Marketers take advantage of children’s social networks to target younger age groups.

General Mills: Millsbury
With 1.3 million visitors per month, the General Mills website has become a hit with school-aged children. Users can design and name their own avatar and enter a world of games and learning. The educational aspect is mostly centered around nutrition and your body, as expected with a food company. But there is also a museum stuffed with facts and activities, an art class, online books and articles. By clicking on links to other companies, children can earn Millbucks, which they need to purchase outfits, furniture, clothes, toys, pets, and accessories for their virtual life. Playing at the arcade, where there are about 20 games to choose from, also earns Millbucks.

Ty: Beanie Babies 2.0
Toy manufacturer Ty did not want to miss out on the online trend. So they added a tag to some of its iconic Beanie Babies, giving their young owners the access code to enter the virtual world. Although there are lots of cute animals hopping around on the colorful site, the games may seem boring and not very educational to many parents. Kids, however, may take interest in the history and imaginary world of Beanie Babies. They can also chat with other members and write their own chapter about their Beanie friend, and that personalization feature may appeal to many kids.

Bandai: TamaTown.com and Tamagotchi connection
Bandai has also tried its hand at the 2.0 market with TamaTown.com, where users can have their Tamagotchis — the original digital pet — interact online. Now they can watch movies together, play games, and connect with a big, supercute Tamagotchi online world. The makers of the iconic keychain-pets surely don’t want to give in to all the new online competitors, but the fact that they originated the trend and have an established line of real-world products that can easily integrate with the internet surely works to their advantage.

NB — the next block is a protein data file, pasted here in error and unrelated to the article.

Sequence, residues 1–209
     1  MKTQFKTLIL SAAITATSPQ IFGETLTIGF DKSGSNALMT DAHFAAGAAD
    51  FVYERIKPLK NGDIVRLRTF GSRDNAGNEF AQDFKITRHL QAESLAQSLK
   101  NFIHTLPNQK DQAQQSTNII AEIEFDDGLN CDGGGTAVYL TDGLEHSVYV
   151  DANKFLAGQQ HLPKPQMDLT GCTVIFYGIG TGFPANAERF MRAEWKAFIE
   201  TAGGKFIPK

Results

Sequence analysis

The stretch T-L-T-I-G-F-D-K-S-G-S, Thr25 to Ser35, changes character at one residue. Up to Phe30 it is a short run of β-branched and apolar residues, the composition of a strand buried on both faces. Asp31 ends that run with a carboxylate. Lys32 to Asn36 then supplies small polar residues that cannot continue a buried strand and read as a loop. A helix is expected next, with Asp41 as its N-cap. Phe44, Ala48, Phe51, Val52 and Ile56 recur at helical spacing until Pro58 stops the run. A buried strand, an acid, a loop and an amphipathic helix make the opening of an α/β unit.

Trend Impact:
Most children would love to have a pet, and most children like to play computer games. To connect these two kid-favorites is a win-win situation. So more and more websites offer ways for kids to raise a virtual pet, to care for it, and interact with it through it with others. There are Neopets, Superpets, Marapets — you name it. The user numbers are in the millions and in peak periods there are between 1,000 and 3,000 kids online at a time on each site. Many companies want to profit from this trend and develop their own version of a playful online world, where kids rule. Unfortunately, not all sites are smart and child friendly. It just is not enough to throw some colors, cute looking creatures, and a chat function online. Hopefully the kids and their parents are smart enough to weed out the ones that just want to market their products as fast and cheap as possible.

What do you think?

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~ by digivine on April 16, 2008.

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